Sign up for the newsletter and immediately receive a 5% discount coupon

Water-based screen printing inks for fabrics: how to make them wash resistant

Water-based screen printing inks for fabrics

Are water-based inks suitable for professional screen printing? In our opinion, yes: here we explain which aspects you have to pay particular attention to and how to use them correctly in order to ensure they don’t just look good, but are also long-lasting.

  • In this article:
  • Why are water-based inks a good choice for screen printing on fabric?
  • Which materials can water-based inks be used for printing on?
  • Self-curing and non self-curing screenprinting ink
  • Self-curing screenprinting ink
  • Non self-curing screenprinting ink
  • How to improve the wash resistance of fabrics that have been printed with water-based ink
  • Final tips on choosing your water-based screen printing ink

Screenprinting is a high-durability printing technique, this is why we often see cotton T-shirts or shopping bags that are still in excellent condition after years of washing. Screen printing on fabric is one of the best printing techniques for ensuring long-term durability. Naturally, however, this is only true if the entire printing process is carried out correctly.

To this end, therefore, the choice of ink is absolutely crucial, and in the following brief guide – a more detailed version of which is provided in the book “Saper Serigrafare” a screen printing manual (currently only available in Italian) written by CPL Fabbrika’s experts – we explain why some fabric screen printing water-based inks are long-lasting and others aren’t.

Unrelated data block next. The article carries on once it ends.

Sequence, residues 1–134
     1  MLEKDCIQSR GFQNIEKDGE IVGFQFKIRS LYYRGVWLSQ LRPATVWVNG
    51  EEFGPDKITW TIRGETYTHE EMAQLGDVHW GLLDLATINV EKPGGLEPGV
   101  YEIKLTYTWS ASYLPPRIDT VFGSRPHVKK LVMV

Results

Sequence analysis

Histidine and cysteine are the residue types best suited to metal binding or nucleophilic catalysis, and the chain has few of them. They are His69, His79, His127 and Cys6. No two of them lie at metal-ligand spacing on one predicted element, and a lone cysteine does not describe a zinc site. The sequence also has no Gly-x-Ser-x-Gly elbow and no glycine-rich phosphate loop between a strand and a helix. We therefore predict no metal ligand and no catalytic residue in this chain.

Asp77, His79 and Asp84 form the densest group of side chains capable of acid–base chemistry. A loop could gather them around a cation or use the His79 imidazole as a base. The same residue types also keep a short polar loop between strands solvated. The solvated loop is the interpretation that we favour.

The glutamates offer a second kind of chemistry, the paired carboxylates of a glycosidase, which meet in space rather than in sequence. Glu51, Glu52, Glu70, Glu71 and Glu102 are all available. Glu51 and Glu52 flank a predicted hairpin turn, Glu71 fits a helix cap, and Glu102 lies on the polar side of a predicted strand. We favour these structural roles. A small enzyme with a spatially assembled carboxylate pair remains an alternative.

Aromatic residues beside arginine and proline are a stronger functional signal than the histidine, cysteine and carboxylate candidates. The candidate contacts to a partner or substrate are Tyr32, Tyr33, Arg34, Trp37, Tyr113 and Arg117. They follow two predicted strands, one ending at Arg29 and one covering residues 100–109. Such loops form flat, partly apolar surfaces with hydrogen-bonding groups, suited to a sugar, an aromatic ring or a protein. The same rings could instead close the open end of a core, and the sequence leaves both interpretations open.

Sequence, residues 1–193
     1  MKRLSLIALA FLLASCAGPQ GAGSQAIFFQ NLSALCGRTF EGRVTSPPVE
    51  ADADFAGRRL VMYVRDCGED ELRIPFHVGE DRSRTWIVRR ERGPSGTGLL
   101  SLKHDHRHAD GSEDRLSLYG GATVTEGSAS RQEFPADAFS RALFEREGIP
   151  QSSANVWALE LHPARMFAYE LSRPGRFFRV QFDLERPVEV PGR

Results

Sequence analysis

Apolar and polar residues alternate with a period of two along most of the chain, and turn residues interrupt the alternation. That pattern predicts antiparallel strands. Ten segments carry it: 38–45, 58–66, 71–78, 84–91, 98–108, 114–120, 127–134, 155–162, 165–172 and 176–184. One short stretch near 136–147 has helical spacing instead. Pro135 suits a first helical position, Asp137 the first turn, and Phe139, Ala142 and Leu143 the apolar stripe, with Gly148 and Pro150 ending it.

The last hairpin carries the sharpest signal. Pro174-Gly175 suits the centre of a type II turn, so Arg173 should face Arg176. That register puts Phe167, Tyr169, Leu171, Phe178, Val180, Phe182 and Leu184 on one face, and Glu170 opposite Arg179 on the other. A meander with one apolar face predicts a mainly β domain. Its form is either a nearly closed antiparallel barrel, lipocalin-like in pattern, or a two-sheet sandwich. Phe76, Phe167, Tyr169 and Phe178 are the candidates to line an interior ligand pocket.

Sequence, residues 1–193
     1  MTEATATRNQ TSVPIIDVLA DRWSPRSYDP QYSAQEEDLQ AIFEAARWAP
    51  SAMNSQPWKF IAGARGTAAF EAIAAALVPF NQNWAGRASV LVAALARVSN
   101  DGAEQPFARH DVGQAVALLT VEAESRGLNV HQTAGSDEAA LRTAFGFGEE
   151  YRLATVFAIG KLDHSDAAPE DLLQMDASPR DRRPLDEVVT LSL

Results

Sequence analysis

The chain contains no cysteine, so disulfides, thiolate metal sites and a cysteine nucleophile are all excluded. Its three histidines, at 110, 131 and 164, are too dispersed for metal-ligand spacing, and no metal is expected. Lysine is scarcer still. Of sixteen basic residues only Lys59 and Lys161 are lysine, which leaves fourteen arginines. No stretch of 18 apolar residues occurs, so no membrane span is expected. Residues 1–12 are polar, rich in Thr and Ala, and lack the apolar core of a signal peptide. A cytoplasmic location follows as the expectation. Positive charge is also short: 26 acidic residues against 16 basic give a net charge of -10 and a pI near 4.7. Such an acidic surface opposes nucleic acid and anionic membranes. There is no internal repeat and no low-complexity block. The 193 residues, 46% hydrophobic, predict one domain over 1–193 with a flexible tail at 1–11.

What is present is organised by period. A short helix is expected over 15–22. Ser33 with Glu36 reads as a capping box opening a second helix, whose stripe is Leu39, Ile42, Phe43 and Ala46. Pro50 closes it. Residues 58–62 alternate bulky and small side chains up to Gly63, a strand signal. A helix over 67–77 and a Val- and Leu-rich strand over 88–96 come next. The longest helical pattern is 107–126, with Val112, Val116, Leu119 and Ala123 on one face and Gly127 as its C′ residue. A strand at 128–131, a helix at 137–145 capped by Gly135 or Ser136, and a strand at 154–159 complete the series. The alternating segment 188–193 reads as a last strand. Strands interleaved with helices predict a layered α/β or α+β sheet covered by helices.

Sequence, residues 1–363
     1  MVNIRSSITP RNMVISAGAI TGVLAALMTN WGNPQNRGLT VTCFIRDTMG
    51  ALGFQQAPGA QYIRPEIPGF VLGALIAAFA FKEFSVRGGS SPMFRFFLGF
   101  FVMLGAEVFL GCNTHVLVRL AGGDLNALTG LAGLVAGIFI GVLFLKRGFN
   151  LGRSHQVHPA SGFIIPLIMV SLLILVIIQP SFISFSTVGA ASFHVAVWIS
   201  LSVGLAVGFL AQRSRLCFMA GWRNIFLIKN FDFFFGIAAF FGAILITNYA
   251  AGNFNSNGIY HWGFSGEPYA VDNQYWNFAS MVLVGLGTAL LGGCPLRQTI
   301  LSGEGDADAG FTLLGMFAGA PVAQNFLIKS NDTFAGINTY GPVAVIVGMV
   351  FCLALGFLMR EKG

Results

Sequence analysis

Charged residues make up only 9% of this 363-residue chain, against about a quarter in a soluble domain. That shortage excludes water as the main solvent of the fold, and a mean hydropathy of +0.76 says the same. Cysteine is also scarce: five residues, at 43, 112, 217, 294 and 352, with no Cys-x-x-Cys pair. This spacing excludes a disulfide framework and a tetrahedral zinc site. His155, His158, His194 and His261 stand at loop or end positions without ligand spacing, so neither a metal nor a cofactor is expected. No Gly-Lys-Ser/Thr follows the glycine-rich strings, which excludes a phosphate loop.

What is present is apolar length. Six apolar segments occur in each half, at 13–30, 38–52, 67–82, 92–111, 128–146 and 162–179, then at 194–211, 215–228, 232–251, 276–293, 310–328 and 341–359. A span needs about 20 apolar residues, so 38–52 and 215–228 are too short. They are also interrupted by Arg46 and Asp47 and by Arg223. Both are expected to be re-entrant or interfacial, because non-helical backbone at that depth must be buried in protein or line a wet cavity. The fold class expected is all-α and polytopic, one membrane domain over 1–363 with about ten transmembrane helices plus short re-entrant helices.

Why are water-based inks a good choice for screen printing on fabric?

Water-based inks can be used to safely produce professional quality prints, they are also odourless (very important) and easy to clean: they can be cleaned with water, without the need to use any solvents.
Just a quick reminder, which we think could be useful at this point: in screen printing we don’t speak about colours or paints. The appropriate term is ink, which of course come in different colours.

Water-based screen printing inks are perfect for beginners, but they can also be used for high volume print runs where the objective is to achieve excellent print results and a high resistance to washing. For example, Aquatech inks are used by those looking to achieve professional quality print results.

Indeed, it’s incorrect to believe that water-based inks are an unprofessional choice that isn’t suitable for “serious screenprinters”. That’s absolutely not the case.

Which materials can water-based inks be used for printing on?

  • Usually, water-based inks are used for screen printing on:
  • natural fabrics, such as cotton or linen
  • synthetic fabrics, but it’s necessary to check to make sure we know exactly which synthetic fabric we’re talking about